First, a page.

Posted by tom.pimenta on the 23rd May 2012.
This is my last blog as LexisNexis Student Associate and I wanted to sum up what the legal world has taught me this year.
Posted by tom.pimenta on the 12th May 2012.
With exams and revision currently occupying students across the country, I am sure that many of us are dreaming of going abroad to relax. Currently the British Pound is strong when compared to the Euro. This has its advantages and disadvantages. So what should you do when this occurs?
Posted by tom.pimenta on the 30th April 2012.
Charles Taylor, the former Liberian president, has been found guilty of 11 charges of aiding and abetting war crimes in Sierra Leone. But is this justice, punishing the leader who ordered these crimes to occur, or should the men who carried out the actual crimes also be held liable for what they have done?
Posted by tom.pimenta on the 20th April 2012.
Anders Breivik has appeared in the Norweigen courts this week for his trial after killing 77 people last July. His 'calm' and seemingly 'proud' delivery when answering questions in court has led to outrage across the world.
Posted by tom.pimenta on the 13th April 2012.
If you are looking for a brief break from studying for exams, but don't want to feel guilty about abandoning law for any lengthly time, then take a look at All About Law's new article on weird laws that are soon to be repealed in the UK.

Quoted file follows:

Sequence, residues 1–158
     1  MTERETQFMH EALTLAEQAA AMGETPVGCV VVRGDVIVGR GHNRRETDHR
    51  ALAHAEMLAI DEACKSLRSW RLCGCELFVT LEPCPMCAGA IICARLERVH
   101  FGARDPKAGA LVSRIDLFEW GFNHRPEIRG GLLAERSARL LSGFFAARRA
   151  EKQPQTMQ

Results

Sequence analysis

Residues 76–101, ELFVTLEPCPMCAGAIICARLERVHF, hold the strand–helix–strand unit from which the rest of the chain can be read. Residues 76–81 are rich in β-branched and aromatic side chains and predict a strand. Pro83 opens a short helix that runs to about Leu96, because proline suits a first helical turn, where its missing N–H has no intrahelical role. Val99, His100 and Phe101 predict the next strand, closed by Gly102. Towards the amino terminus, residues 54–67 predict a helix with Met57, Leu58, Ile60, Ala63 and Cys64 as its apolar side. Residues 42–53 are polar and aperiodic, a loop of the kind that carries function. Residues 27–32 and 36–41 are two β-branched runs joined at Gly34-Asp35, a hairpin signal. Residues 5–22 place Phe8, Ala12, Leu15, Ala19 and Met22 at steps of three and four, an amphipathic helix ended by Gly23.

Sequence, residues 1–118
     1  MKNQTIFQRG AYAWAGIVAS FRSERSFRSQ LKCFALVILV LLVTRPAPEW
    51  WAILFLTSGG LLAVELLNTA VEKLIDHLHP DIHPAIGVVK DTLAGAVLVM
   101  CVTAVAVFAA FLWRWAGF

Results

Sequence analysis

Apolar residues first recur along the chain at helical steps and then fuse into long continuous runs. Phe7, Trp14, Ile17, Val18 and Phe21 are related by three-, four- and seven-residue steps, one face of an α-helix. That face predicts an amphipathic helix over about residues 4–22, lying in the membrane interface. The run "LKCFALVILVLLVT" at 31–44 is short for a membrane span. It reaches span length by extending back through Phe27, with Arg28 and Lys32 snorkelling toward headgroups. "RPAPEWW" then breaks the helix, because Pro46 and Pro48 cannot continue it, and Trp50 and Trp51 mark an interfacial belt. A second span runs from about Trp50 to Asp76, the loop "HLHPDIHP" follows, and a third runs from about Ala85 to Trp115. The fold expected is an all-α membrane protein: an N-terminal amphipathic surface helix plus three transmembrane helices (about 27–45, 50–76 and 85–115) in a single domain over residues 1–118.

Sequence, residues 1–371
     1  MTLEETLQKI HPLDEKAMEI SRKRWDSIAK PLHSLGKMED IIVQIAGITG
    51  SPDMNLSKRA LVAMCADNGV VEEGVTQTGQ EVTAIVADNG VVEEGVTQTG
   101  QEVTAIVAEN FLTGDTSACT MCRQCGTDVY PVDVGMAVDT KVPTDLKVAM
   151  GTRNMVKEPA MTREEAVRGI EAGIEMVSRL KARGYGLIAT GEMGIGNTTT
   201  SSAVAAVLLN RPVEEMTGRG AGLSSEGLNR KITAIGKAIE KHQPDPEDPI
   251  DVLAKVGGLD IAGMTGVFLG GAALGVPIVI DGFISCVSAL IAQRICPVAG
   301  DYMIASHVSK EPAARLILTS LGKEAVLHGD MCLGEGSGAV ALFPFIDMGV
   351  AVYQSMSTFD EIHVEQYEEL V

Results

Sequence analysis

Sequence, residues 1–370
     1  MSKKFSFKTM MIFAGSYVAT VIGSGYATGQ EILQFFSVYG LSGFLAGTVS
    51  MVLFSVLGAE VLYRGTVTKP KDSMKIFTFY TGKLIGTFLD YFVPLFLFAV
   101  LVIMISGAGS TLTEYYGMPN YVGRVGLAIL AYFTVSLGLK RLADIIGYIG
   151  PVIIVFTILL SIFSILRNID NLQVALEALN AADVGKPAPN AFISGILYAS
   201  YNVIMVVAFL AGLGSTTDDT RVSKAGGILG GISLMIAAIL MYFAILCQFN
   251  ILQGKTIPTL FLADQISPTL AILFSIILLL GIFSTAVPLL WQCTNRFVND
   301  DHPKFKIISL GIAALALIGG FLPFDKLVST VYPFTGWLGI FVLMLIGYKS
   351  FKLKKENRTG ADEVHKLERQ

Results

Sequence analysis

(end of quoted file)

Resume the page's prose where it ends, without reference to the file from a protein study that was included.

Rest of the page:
It is soon to be illegal to do any of the following:
- ride a cow whilst intoxicated
- to eat a swan without the Queen's permission
- to fire a cannon within 300 yards of a house
- to wear a suit of armour whilst entering the Houses of Parliament (or to take in weapons)
Posted by tom.pimenta on the 9th April 2012.
Theresa May is proposing to remove the exception to deporting convicted criminals on the grounds that they have a family tie to the UK and to do so would be in breach of the ECHR.
Posted by tom.pimenta on the 31st March 2012.
The Guardian has just published a list of the injunctions and superinjunctions that have been taken out in the past five years. Of course, many of these are well known anyway, as the newspapers would not exactly hold back in publishing these kinds of details.
Posted by tom.pimenta on the 23rd March 2012.
A recent case in the Crown Court raised the issue over whether Muslim women should be allowed to wear a veil in court. The woman in this case was a juror, who was asked to step down from her role on the jury after stating that she prefered to keep the veil on.
Posted by tom.pimenta on the 19th March 2012.
Sunday: a holy day to the religious public, that awkward day at the end of the weekend when you don’t really know what to do, for the non-religious. With George Osborne allegedly close to announcing emergency legislation to allow longer trading on Sundays during the Olympics, the issue has been raised as to whether this is a positive step, which recognises the needs of the largely atheist British society and of course boosts the economy, or whether it is the final nail in the coffin of protecting Sunday as the day of rest and family time.
Posted by tom.pimenta on the 12th March 2012.
The government is to agree to legislation that will make many acts of harassing behaviour criminal offences. This has strengths in that it will bring heavy punishments for acts such as stalking, however, could it be interpreted too pedantically and lead to people fearing giving compliments in case they get a criminal record for it.